Well, actually, I would like to be there

Erin Sommers Graphic-Advocate Editor

The past few weeks, several people have asked me if I’m glad to be off Hawaii Island and away from the lava eruption.
Each time I remind them that I’m a reporter and would gladly take the opportunity to go investigate a lava flow up close. It’s history in the making. It’s exciting. And a little dangerous.
You might question that last statement, or accuse me of understating the danger. But really I’m not. I lived on that island (a good 80 miles as the bird flies) from Kilauea volcano for eight years. I had a number of opportunities to write about the volcanoes (there are five separate systems, not one big one) and learn a little about lava. To follow some of the headlines, you might think most of the residents of Hawaii Island (or even Hawaii the state as a whole) are in mortal danger. That’s just not true.
Halemaumau (want to pronounce it? Try ha-lay-ma-ooh-ma-ooh) Crater, is the source of the magma that has been creeping toward the Pacific Ocean on the island’s southeast side. The crater has had a lava lake inside for years. In the past few weeks, pressure has built inside and resulted in multiple explosive events – not of lava specifically, but ash and rock. Yes, rocks the size of home appliances might be coming out of the crater, but the crater is situated well within Hawaii Volcanoes National Park, and reports from official sources say only people within about half a mile of the crater need to worry about those “ballistic” rocks. No one lives within half a mile of the crater.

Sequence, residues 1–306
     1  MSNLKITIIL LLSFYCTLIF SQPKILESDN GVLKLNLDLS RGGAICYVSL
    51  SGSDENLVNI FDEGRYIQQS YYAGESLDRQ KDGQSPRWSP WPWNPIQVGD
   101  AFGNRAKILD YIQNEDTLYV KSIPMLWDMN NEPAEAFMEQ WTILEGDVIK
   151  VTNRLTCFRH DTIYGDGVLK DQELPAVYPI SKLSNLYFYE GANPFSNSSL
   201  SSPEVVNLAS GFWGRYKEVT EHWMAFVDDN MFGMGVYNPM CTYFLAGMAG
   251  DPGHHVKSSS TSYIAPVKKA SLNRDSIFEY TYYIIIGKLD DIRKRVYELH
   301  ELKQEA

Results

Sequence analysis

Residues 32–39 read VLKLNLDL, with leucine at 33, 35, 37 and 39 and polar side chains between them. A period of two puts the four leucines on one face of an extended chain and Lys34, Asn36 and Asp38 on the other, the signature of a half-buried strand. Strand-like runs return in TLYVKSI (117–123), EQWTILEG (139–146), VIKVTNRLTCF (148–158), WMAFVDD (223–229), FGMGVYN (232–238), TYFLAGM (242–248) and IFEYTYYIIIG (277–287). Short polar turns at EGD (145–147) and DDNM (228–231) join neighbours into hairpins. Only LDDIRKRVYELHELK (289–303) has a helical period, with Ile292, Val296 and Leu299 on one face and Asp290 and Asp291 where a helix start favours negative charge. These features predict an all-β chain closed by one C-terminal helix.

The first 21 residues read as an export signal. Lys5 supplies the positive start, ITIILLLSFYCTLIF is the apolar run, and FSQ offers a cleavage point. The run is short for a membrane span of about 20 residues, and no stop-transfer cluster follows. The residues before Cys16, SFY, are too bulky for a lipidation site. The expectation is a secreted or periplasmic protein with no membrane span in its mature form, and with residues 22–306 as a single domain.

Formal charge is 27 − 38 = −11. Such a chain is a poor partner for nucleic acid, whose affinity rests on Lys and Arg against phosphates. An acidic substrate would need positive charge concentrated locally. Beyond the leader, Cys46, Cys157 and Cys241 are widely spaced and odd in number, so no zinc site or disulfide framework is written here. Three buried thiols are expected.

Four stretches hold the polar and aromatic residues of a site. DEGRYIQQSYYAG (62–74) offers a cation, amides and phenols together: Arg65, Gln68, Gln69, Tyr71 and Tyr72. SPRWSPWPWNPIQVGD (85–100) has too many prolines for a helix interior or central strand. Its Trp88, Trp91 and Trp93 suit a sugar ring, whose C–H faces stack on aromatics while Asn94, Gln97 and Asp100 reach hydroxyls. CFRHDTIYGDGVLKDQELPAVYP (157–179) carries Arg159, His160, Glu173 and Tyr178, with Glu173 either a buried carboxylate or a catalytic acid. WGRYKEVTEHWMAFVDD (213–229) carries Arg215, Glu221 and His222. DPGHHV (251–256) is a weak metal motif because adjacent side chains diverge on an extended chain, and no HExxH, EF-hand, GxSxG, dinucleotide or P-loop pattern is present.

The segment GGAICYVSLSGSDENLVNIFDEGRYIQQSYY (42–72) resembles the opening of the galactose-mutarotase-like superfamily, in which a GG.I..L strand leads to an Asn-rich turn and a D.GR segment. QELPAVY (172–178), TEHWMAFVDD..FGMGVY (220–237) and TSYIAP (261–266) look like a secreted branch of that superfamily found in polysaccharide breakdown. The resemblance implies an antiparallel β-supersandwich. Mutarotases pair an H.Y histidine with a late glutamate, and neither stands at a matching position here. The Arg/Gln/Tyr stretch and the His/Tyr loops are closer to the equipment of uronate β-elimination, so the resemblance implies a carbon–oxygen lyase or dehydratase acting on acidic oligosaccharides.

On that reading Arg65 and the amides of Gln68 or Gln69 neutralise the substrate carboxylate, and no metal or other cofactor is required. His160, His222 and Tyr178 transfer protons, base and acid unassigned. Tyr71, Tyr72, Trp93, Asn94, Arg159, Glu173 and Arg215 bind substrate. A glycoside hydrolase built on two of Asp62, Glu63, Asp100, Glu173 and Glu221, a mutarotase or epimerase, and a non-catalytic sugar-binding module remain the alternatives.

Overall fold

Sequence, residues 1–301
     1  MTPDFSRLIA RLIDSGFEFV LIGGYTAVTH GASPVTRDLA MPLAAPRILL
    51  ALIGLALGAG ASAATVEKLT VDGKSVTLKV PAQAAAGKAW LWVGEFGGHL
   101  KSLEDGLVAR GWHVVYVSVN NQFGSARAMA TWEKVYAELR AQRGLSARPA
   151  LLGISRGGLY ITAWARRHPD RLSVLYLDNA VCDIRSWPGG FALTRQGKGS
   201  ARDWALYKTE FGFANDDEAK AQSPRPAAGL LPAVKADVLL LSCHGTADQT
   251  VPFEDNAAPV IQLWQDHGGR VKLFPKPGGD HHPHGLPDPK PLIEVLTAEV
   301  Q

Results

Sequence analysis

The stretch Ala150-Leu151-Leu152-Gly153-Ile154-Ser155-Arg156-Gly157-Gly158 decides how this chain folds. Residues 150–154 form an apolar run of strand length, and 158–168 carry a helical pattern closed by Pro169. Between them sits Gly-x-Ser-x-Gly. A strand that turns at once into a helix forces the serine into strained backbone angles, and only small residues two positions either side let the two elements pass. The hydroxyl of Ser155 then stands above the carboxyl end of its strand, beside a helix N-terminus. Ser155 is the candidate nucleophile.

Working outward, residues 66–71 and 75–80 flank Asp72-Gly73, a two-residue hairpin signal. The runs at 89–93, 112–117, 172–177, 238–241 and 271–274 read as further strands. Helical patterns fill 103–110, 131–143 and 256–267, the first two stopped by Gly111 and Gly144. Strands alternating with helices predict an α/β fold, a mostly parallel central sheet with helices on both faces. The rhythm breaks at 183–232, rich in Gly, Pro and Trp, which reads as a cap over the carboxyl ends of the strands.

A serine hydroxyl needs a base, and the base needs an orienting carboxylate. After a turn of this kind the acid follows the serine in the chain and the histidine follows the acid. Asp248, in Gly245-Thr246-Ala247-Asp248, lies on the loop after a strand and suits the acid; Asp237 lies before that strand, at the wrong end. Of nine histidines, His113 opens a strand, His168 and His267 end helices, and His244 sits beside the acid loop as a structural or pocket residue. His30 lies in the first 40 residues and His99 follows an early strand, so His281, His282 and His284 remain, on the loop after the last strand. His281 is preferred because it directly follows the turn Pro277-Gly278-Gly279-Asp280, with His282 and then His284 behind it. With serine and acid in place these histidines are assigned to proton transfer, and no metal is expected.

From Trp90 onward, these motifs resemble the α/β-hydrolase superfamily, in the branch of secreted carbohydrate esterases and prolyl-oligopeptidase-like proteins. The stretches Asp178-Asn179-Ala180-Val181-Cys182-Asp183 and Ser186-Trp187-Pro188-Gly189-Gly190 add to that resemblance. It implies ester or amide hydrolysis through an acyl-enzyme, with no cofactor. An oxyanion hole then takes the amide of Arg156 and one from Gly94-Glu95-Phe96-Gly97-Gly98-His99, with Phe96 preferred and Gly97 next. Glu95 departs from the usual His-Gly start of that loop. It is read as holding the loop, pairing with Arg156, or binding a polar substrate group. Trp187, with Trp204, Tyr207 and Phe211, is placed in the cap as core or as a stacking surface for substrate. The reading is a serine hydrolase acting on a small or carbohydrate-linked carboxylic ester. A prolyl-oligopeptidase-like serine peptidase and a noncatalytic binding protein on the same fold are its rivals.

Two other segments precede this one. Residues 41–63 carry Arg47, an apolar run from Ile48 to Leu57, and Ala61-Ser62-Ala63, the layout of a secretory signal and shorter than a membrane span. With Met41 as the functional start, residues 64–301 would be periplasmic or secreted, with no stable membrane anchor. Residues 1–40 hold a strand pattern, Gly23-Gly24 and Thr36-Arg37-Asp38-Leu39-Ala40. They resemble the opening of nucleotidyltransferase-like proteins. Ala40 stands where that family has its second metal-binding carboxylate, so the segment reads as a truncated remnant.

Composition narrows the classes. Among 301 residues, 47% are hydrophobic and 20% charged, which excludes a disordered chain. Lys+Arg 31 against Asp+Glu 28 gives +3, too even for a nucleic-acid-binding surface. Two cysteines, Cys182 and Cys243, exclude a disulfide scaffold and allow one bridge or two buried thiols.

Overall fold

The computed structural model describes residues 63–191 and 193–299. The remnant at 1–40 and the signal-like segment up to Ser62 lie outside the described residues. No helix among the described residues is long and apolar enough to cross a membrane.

Read more in the May 30 edition. 

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